Bringing Home Baby | Fit Pregnancy

Bringing Home Baby

Milk Matters


"While it is undoubtedly best for a baby to be breastfed, we have to acknowledge that some women won't nurse for one reason or another," says Ruth Lawrence, M.D., professor of pediatrics and obstetrics-gynecology at the University of Rochester School of Medicine in Rochester, N.Y. "If you don't nurse at all, your levels of the hormone prolactin, which stimulates milk production, will naturally drop off in about 10 to 15 days." The medication bromocriptine used to be given to suppress lactation, but it can cause high blood pressure and even stroke.

How to Breastfeed: A Step-by-Step Guide with Photos

A mother nursing her baby—it's one of the most beautiful images nature could create. It's also one of the simplest. Breastfeeding is so natural, in fact, that we've been doing it for millions of years. (Indeed, without it, the human race wouldn't have survived.)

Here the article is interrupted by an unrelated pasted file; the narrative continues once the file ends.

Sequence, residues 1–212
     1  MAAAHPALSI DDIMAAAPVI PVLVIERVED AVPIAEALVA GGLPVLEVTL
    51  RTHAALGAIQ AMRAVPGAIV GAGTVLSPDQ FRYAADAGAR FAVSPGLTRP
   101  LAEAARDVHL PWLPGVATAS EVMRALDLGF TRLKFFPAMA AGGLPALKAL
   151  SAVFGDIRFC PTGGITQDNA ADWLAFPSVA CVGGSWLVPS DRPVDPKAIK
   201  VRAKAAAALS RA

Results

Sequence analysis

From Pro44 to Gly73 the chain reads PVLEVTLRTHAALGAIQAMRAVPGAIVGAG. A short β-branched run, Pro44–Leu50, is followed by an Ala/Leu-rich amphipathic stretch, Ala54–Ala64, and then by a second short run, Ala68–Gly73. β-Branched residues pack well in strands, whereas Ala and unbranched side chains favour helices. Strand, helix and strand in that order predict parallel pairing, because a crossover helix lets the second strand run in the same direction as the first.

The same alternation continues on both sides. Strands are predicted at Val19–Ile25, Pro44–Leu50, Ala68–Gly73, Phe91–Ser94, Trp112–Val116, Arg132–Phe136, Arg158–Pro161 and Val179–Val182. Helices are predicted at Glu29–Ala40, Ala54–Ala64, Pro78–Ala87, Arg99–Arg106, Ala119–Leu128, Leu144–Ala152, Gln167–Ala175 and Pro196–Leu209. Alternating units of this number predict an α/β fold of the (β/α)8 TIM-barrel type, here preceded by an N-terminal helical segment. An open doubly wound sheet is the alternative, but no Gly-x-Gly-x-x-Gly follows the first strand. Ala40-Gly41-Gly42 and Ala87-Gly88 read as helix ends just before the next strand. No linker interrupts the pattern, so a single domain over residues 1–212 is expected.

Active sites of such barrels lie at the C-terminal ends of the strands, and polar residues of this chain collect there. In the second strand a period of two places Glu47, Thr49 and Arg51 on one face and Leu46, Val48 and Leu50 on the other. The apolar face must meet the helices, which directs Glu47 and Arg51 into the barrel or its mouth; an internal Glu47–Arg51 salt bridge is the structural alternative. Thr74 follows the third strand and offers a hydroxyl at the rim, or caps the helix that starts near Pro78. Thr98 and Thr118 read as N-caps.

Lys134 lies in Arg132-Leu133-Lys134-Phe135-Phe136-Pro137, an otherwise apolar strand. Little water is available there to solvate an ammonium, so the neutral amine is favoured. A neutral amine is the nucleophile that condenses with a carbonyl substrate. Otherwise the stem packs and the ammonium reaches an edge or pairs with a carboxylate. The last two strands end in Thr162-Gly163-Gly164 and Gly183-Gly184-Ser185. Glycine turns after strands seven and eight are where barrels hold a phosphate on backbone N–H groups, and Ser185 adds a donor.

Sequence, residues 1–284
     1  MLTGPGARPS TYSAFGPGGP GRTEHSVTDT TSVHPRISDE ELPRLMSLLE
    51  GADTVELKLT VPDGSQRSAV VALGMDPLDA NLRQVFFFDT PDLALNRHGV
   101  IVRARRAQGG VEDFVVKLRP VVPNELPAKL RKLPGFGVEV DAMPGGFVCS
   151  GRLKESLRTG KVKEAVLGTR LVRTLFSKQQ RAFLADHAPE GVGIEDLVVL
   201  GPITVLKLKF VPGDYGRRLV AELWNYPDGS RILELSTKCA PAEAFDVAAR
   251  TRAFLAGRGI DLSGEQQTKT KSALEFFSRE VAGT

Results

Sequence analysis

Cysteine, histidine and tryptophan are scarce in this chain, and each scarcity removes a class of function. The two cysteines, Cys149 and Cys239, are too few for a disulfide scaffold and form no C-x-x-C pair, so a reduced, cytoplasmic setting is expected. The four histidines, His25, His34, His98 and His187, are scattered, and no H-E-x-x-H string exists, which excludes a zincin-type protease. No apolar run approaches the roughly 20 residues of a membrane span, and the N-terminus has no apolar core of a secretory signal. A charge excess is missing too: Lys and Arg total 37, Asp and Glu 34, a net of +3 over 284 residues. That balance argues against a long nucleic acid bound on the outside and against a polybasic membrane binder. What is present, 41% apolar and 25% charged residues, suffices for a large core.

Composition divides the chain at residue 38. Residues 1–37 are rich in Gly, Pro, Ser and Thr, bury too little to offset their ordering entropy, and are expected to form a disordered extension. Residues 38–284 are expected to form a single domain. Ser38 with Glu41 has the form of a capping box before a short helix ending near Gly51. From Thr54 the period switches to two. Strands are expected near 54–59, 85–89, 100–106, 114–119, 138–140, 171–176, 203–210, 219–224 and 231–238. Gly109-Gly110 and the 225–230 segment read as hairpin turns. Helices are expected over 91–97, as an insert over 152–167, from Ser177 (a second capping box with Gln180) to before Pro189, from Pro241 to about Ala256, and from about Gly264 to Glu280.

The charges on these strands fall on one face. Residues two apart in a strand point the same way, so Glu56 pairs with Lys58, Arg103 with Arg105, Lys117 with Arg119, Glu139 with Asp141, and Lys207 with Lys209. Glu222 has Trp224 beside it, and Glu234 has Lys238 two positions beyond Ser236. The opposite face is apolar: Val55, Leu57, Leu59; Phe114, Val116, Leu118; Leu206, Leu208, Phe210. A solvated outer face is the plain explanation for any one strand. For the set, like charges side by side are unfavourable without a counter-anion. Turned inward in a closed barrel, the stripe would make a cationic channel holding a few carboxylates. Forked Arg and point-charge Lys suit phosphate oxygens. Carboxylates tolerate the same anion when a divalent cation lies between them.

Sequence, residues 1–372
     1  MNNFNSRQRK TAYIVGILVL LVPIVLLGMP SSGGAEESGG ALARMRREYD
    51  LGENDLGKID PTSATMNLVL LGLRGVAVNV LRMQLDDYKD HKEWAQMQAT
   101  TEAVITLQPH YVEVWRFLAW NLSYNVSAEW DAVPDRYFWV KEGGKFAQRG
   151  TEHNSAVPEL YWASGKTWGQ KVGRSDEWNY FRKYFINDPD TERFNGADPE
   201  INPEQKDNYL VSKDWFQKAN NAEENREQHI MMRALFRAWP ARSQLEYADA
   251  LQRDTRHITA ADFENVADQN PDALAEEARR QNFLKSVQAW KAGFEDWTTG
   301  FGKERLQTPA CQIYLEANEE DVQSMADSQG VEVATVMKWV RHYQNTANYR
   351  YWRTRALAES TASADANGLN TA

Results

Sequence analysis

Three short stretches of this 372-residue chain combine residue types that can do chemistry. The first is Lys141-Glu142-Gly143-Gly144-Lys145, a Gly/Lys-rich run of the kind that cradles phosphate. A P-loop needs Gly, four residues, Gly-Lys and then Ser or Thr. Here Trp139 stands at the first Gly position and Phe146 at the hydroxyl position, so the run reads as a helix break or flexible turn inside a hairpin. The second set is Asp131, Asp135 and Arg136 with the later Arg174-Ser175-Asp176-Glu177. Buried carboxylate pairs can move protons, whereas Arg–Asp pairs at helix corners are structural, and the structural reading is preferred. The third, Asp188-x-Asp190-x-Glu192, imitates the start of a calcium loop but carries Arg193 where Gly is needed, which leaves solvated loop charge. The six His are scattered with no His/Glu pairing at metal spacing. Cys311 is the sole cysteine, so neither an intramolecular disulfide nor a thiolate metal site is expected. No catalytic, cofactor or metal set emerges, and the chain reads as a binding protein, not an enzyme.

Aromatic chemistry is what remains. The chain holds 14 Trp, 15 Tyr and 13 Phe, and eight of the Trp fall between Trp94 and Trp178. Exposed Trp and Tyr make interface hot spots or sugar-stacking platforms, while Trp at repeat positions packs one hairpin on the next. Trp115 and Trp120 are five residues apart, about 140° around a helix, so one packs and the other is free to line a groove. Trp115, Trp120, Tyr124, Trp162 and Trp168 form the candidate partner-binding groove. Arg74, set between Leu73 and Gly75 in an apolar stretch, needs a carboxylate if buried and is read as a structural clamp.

How to Connect with Your Newborn

You've nailed the diaper changes, have become a bathing wizard and possess soothing skills that Supernanny would envy. But do you know how to just be with your baby? "Consider the relationship with your infant a dance and let her lead," says Jane Weilenman, Ph.D., a clinical psychologist in Savannah, Ga. "Look at what makes her happy, what makes her fussy and what encourages her to respond." Here are several suggestions:

Newborn Skin Care

Smooth baby skin? Ha! Many infants have bumps, flakes and scales in their first couple of months. Here's the lowdown on four conditions:

1. Baby Acne: Wash your little one's face daily with a mild, fragrance-free soap, says Daniel Krowchuk, M.D., professor of pediatrics and dermatology at Wake Forest University School of Medicine in Winston-Salem, N.C.